Comforting news if your winter getaway plan involves a cruise ship. The Government Accountability Office has delivered a report on safety improvements Congress asked about after the Costa Concordia crashed into the rocks off Italy in 2012, resulting in 32 deaths.
The report was delivered this month and Thompson summarized it’s findings:
• 11 of the 15 provisions from the 2010 Cruise Vessel Security and Safety Act have been implemented. The remaining provisions include technology requirements for overboard detection, video surveillance, and communications interoperability.
• The reporting of sexual and physical assaults, the leading crimes on cruise vessels, is now required by law but is limited and not always useful to the public. Crimes are underreported if investigations are not started and there are often significant delays in the public reporting of them. Similarly, Web site data available to the public lack proper context, such as the city’s crime rate.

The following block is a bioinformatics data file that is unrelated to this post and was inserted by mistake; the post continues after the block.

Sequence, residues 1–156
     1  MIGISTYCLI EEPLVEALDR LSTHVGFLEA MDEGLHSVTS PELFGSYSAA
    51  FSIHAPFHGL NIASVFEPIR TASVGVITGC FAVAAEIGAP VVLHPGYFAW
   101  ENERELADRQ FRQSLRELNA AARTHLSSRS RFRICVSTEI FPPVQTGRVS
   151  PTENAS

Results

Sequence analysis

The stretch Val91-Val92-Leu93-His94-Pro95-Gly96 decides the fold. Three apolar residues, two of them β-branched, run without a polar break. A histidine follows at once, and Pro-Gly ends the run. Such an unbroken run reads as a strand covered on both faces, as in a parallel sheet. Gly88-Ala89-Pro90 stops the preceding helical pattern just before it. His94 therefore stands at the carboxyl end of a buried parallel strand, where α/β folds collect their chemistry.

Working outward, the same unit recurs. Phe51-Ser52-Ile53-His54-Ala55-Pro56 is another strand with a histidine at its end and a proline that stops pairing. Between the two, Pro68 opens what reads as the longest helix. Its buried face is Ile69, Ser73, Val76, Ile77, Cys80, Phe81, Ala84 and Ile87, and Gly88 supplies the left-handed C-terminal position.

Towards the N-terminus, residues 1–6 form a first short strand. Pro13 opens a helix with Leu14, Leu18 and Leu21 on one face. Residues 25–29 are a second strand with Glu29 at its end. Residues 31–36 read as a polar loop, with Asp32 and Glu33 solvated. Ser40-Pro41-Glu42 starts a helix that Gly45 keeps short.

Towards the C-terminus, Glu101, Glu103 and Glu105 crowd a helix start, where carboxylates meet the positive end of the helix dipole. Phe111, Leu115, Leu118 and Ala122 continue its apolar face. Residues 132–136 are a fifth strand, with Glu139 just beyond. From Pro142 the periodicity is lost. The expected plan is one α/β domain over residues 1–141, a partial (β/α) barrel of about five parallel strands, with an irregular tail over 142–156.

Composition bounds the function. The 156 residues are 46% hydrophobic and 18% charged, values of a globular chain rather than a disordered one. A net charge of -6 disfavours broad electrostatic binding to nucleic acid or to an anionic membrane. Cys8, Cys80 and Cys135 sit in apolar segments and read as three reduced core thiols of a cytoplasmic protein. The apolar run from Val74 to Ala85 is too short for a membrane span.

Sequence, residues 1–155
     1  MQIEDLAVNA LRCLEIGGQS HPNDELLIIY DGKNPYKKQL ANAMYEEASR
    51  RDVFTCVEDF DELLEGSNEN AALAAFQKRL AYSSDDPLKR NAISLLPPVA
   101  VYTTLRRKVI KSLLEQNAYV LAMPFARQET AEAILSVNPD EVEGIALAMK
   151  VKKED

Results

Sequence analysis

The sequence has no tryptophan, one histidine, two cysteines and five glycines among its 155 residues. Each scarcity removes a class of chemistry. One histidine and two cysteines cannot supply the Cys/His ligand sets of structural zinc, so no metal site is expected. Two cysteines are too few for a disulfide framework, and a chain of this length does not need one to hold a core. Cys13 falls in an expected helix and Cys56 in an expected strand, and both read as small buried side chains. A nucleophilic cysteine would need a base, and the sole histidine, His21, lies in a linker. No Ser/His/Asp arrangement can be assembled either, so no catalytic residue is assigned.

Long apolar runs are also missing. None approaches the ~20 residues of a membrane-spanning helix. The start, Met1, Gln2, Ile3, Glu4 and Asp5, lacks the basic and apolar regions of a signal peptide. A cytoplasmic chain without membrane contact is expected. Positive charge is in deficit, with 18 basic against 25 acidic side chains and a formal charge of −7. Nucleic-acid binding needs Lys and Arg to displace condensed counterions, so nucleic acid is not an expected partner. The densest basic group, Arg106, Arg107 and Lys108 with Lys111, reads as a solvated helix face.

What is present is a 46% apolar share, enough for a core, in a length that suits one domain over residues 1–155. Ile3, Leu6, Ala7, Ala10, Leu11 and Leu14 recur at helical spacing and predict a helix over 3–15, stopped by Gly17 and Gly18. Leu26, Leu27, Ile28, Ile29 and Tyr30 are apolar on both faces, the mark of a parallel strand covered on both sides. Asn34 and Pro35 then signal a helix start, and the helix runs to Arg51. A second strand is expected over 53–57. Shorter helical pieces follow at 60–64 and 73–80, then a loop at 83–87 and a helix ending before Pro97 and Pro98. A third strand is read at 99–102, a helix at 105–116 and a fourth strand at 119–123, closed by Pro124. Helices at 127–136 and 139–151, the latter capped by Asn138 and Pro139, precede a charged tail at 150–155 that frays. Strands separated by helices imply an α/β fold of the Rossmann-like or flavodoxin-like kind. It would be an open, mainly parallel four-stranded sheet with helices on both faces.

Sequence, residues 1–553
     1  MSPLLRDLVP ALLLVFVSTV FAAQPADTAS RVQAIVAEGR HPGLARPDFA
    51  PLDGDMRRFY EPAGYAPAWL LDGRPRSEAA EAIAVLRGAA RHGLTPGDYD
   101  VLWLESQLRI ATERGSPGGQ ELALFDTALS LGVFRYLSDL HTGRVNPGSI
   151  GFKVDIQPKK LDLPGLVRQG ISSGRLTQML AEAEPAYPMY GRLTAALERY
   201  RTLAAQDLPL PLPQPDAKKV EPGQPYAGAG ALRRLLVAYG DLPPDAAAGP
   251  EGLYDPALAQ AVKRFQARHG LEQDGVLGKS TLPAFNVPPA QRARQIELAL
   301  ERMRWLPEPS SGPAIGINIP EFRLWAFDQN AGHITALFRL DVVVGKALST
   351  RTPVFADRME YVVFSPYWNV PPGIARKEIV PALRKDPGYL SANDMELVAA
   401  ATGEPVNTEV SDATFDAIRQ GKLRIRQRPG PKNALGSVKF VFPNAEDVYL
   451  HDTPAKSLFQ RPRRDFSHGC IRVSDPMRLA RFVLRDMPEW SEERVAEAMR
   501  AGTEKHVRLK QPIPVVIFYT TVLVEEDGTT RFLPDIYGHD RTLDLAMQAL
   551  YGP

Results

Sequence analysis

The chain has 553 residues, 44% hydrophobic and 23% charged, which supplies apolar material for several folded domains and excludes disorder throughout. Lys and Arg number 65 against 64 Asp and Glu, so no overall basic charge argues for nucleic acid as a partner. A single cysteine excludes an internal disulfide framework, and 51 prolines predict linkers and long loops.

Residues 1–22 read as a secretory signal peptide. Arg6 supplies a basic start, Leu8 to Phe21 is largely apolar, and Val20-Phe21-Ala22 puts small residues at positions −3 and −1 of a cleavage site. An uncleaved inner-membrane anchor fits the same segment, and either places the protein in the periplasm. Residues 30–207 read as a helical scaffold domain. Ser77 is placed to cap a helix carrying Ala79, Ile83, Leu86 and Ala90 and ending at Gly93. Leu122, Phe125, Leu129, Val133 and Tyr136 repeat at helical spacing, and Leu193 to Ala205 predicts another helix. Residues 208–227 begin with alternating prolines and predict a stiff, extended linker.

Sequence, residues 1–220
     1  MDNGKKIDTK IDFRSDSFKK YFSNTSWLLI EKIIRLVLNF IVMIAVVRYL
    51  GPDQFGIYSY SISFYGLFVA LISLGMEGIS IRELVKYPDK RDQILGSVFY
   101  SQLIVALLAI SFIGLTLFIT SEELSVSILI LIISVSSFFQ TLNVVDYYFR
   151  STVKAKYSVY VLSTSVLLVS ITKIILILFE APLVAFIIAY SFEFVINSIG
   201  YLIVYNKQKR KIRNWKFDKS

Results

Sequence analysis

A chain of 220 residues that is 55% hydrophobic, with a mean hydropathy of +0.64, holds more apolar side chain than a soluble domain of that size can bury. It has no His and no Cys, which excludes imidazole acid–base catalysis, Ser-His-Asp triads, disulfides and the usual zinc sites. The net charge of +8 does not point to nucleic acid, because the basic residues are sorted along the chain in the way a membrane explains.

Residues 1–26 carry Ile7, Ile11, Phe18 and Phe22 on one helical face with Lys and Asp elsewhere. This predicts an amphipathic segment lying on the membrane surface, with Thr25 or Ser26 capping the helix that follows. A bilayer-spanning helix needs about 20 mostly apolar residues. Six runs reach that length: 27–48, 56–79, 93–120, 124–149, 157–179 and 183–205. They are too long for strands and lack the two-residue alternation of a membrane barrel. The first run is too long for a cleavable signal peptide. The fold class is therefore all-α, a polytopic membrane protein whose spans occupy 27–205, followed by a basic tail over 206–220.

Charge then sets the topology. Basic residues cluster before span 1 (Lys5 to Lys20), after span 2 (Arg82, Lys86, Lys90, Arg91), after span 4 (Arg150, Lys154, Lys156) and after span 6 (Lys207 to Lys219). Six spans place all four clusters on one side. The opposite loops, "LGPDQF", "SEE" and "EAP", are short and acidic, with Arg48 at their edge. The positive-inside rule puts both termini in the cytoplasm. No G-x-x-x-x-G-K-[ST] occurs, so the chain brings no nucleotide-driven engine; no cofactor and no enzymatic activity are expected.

• Currently, legislation is pending to improve the reporting of crime, and some cruise lines have begun to voluntarily post improved data, such as including alleged crimes, on their own Web sites.
• Cruise Lines International Association, which represents almost every cruise line in the U.S., identified 10 safety-related policies in 2012 that were adopted by all member cruise lines by July 2013.
• Effective January 2015, passengers must participate in a safety and evacuation exercise prior to or immediately upon departure, rather than within the customary 24 hours of departure. Most cruise lines adopted this policy change voluntarily in 2013.
• The U.S. Coast Guard has worked with the cruise industry for several years to plan and hold disaster exercises, including one in April 2013 to practice a mass rescue from a cruise vessel.